The four years of World War II earn a chapter of their own. More significant than even the First World War for setting the future course of South Slav history, according to Lampe, World War II made Tito's Yugoslavia possible, not just because of Partisan victory, but also because the Axis occupation cleared the decks for Tito's Communists by destroying most prewar institutions. Yugoslavia's Communists seized power more rapidly than Communists anywhere else in Eastern Europe. Moreover, while Allied aid to Tito was important, it was not crucial to the seizure of power. "The Partisans' heroic survival, multi-ethnic composition, and promised federal program allowed the KPJ to consolidate power even in the absence of Soviet troops. Tito adopted a ruthlessly Stalinist and centralizing set of tactics to seize that chance ..." (p. 222).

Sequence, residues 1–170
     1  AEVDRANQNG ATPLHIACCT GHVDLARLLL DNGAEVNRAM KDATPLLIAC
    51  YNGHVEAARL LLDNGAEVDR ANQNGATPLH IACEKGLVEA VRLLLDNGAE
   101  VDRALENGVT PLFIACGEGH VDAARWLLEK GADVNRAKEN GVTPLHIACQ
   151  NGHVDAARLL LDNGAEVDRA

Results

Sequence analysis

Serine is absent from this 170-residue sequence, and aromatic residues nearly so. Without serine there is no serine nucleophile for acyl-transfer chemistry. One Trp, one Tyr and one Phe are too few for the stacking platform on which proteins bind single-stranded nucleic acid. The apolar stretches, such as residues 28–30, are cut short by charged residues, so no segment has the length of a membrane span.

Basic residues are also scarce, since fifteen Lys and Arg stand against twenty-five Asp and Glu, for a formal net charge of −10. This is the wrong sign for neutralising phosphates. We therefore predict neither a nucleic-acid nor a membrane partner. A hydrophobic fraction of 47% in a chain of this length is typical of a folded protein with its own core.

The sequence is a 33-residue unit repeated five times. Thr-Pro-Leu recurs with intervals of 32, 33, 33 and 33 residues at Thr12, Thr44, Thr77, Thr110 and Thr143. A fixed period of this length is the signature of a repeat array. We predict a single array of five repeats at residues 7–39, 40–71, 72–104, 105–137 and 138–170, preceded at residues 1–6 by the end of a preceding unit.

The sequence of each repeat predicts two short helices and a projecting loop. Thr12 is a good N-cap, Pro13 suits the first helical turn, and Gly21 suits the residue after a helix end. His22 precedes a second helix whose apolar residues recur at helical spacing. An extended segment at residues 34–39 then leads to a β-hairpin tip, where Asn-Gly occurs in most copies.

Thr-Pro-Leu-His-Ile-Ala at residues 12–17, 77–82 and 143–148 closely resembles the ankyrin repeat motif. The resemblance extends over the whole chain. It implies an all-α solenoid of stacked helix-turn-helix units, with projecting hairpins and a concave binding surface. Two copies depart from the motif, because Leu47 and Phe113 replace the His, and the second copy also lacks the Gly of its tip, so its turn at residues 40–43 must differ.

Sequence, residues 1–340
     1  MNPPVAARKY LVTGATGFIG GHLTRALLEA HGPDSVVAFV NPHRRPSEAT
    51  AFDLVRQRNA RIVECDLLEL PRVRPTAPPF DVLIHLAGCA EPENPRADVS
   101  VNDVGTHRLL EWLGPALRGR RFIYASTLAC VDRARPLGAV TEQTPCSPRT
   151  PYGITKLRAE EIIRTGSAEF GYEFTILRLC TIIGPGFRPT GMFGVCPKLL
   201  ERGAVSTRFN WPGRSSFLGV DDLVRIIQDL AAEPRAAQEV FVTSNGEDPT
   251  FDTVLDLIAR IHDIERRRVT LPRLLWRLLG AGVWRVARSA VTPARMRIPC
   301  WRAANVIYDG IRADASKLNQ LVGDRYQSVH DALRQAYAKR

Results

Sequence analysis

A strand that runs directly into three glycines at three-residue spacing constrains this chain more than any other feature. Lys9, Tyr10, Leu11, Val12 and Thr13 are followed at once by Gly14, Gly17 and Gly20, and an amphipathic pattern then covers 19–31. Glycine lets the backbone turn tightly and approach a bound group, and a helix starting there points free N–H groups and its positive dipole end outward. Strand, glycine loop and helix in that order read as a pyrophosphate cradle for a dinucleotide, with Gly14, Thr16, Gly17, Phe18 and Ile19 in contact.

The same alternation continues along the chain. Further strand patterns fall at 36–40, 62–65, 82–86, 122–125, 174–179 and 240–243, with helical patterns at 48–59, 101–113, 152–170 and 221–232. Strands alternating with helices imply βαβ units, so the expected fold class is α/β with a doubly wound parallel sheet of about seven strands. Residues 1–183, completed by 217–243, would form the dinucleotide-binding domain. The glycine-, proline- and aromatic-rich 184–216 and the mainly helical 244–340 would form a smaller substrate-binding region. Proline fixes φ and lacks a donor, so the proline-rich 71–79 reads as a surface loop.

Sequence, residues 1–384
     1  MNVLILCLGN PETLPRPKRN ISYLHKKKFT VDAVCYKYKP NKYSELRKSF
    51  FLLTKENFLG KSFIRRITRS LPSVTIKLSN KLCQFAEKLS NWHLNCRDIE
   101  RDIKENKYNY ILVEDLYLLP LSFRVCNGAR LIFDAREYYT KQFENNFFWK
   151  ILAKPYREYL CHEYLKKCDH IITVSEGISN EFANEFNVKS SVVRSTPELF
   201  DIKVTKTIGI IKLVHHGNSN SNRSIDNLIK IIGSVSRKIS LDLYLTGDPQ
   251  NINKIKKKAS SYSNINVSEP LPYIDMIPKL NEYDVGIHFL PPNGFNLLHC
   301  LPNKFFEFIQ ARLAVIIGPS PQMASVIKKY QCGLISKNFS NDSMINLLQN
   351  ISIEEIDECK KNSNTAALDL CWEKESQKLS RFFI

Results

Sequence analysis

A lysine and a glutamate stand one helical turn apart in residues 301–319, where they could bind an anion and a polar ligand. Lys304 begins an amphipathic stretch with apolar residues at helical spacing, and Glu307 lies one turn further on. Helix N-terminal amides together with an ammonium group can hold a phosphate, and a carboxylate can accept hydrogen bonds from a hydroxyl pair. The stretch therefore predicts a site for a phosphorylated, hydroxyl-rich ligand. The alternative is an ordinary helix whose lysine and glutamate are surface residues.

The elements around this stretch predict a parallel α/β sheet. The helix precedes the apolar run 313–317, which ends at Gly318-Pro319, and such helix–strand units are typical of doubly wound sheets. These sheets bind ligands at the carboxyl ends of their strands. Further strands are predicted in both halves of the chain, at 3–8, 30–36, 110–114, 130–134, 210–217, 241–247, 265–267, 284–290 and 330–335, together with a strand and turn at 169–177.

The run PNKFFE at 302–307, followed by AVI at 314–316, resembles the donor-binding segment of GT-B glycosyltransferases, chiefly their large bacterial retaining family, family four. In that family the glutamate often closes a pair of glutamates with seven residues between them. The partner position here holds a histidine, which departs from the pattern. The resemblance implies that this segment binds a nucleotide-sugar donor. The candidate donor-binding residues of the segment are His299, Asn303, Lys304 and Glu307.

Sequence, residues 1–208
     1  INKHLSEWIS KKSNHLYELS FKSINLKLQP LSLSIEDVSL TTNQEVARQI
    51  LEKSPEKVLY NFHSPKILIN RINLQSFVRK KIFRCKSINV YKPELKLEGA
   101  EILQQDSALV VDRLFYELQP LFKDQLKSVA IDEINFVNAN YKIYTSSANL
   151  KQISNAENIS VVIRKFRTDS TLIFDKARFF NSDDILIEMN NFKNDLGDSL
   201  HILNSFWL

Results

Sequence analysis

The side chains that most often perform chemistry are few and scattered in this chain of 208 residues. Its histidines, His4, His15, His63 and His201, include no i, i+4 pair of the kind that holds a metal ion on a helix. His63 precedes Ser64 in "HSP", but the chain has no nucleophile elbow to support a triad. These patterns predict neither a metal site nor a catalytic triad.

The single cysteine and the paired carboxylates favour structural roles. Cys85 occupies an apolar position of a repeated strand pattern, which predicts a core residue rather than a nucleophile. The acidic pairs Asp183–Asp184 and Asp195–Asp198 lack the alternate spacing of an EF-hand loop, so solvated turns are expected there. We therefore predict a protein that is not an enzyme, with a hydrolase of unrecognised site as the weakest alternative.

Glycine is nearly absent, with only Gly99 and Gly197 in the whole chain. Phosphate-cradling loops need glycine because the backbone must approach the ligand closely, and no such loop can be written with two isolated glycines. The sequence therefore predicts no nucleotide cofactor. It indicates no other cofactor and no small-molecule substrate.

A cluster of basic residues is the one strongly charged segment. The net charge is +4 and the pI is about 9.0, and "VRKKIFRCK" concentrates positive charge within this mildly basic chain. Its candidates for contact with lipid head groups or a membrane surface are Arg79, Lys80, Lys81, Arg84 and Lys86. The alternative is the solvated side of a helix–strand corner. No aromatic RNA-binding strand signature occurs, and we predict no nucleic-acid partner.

This Communist regime established by Tito is the subject of the next three chapters, covering the years 1946-1953, 1954-1967, and 1968-1988. The first period saw the establishment of arbitrary party, police, and army authority, the break with Stalin, and an internal Stalinist period lasting beyond 1948. It culminated in a 1953 constitution that "spoke bravely of decentralization and other departures from Soviet practice, but its specific provisions did not point in that direction" (p. 256). During the second period, "Yugoslavia became a more open and better place to live than anywhere in the nearby bloc" (p. 260). Yet the Party and the nomenklatura remained in charge even after further constitutional tinkering, and Tito's personality and predilections were responsible for both these positive and negative phenomena.